20. METAPHOR: A machine learning based method for the probability density estimation of photometric redshifts

    CERN Document Server

    Cavuoti, Stefano; Brescia, Massimo; Vellucci, Civita; Tortora, Crescenzo; Longo, Giuseppe

    2016-01-01

    A variety of fundamental astrophysical science topics require the determination of very accurate photometric redshifts (photo-z's). A wide plethora of methods have been developed, based either on template models fitting or on empirical explorations of the photometric parameter space. Machine learning based techniques are not explicitly dependent on the physical priors and able to produce accurate photo-z estimations within the photometric ranges derived from the spectroscopic training set. These estimates, however, are not easy to characterize in terms of a photo-z Probability Density Function (PDF), due to the fact that the analytical relation mapping the photometric parameters onto the redshift space is virtually unknown. We present METAPHOR (Machine-learning Estimation Tool for Accurate PHOtometric Redshifts), a method designed to provide a reliable PDF of the error distribution for empirical techniques. The method is implemented as a modular workflow, whose internal engine for photo-z estimation makes use...

  1. New Density Estimation Methods for Charged Particle Beams With Applications to Microbunching Instability

    Energy Technology Data Exchange (ETDEWEB)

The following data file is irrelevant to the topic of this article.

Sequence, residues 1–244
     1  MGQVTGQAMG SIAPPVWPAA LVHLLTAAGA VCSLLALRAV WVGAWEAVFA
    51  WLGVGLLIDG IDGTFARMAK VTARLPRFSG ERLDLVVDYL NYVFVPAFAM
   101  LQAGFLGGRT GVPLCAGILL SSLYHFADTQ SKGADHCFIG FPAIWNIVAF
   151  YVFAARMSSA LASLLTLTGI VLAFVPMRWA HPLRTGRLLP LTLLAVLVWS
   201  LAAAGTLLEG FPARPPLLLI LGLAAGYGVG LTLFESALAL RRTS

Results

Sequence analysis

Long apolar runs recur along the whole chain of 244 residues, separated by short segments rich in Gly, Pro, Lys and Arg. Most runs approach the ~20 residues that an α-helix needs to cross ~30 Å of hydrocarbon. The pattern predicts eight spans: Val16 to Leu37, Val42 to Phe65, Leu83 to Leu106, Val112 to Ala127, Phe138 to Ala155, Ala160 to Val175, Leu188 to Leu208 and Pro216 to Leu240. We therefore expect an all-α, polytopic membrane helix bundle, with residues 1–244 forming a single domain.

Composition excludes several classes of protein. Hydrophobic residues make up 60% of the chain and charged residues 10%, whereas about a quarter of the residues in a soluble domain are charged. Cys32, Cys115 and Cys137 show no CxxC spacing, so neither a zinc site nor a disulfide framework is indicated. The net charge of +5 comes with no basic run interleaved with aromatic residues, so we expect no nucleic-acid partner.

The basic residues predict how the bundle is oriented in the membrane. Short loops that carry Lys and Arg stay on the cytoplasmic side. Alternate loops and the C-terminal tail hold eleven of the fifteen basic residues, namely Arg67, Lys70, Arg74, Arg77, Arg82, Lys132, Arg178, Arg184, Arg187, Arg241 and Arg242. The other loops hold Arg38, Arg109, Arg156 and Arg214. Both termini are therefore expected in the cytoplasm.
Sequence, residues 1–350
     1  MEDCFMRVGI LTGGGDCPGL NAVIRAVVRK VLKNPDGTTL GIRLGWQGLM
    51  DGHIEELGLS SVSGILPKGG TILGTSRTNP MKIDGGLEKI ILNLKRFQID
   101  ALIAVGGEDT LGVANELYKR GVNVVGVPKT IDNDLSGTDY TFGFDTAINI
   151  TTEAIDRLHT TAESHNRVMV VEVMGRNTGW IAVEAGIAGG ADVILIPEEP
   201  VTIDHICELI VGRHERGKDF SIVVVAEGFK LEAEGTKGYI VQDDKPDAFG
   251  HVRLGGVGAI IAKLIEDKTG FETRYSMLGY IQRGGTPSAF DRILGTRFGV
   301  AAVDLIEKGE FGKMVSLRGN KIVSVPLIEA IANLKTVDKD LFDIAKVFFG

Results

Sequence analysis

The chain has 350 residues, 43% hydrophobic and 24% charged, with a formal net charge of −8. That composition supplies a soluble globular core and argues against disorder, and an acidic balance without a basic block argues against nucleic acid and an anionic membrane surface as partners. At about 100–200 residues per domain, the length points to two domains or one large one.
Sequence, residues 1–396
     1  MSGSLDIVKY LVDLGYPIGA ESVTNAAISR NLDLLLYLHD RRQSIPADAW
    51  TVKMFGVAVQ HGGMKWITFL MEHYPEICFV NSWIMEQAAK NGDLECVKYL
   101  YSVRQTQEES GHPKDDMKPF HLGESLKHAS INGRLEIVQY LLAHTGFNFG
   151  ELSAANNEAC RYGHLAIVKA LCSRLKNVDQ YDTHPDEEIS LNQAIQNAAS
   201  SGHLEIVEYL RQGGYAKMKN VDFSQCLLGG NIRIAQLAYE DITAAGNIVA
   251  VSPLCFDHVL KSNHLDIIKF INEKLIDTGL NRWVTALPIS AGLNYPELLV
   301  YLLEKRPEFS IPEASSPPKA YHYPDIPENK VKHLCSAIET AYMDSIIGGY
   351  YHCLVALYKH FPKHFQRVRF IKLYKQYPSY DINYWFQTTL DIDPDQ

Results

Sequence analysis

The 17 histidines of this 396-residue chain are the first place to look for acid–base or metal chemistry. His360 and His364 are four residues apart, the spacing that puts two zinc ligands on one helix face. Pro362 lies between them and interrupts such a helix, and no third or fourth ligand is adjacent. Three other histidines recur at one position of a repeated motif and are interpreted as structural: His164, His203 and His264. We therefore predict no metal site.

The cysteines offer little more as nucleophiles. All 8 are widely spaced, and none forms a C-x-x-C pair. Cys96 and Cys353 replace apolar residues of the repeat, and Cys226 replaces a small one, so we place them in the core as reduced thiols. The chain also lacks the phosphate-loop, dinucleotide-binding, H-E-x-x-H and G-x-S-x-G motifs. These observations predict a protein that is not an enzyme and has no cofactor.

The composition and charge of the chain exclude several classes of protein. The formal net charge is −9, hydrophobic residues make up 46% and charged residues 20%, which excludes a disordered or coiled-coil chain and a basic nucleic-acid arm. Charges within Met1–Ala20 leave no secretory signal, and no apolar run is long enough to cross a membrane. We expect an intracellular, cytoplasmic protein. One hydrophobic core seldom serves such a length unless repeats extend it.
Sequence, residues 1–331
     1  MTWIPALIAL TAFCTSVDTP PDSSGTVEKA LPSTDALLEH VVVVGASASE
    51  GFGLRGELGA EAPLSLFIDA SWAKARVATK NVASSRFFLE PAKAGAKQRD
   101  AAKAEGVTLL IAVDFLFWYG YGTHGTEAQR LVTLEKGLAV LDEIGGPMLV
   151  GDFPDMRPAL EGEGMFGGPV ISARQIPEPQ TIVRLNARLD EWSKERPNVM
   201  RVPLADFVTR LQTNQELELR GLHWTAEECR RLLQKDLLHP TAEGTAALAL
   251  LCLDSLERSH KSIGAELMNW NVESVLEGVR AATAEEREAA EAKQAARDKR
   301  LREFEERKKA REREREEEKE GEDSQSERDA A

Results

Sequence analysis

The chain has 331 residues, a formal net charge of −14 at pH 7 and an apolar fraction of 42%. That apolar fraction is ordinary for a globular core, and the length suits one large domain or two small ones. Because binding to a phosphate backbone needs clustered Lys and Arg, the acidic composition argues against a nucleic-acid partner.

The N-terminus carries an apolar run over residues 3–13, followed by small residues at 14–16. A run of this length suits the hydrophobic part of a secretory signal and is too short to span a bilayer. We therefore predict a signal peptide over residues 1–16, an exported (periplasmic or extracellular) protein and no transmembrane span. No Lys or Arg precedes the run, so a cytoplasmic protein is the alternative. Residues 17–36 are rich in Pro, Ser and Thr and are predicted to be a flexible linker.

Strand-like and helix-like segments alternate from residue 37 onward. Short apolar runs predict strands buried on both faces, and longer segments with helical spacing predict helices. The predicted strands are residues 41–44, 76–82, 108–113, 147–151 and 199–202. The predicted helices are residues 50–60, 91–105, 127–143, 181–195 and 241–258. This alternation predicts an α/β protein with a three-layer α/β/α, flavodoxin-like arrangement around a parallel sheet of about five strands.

Balsa Terzic, Gabriele Bassi

    2011-07-01

    In this paper we discuss representations of charge particle densities in particle-in-cell (PIC) simulations, analyze the sources and profiles of the intrinsic numerical noise, and present efficient methods for their removal. We devise two alternative estimation methods for charged particle distribution which represent significant improvement over the Monte Carlo cosine expansion used in the 2d code of Bassi, designed to simulate coherent synchrotron radiation (CSR) in charged particle beams. The improvement is achieved by employing an alternative beam density estimation to the Monte Carlo cosine expansion. The representation is first binned onto a finite grid, after which two grid-based methods are employed to approximate particle distributions: (i) truncated fast cosine transform (TFCT); and (ii) thresholded wavelet transform (TWT). We demonstrate that these alternative methods represent a staggering upgrade over the original Monte Carlo cosine expansion in terms of efficiency, while the TWT approximation also provides an appreciable improvement in accuracy. The improvement in accuracy comes from a judicious removal of the numerical noise enabled by the wavelet formulation. The TWT method is then integrated into Bassi's CSR code, and benchmarked against the original version. We show that the new density estimation method provides a superior performance in terms of efficiency and spatial resolution, thus enabling high-fidelity simulations of CSR effects, including microbunching instability.

  2. A method to estimate the neutral atmospheric density near the ionospheric main peak of Mars

    Science.gov (United States)

    Zou, Hong; Ye, Yu Guang; Wang, Jin Song; Nielsen, Erling; Cui, Jun; Wang, Xiao Dong

    2016-04-01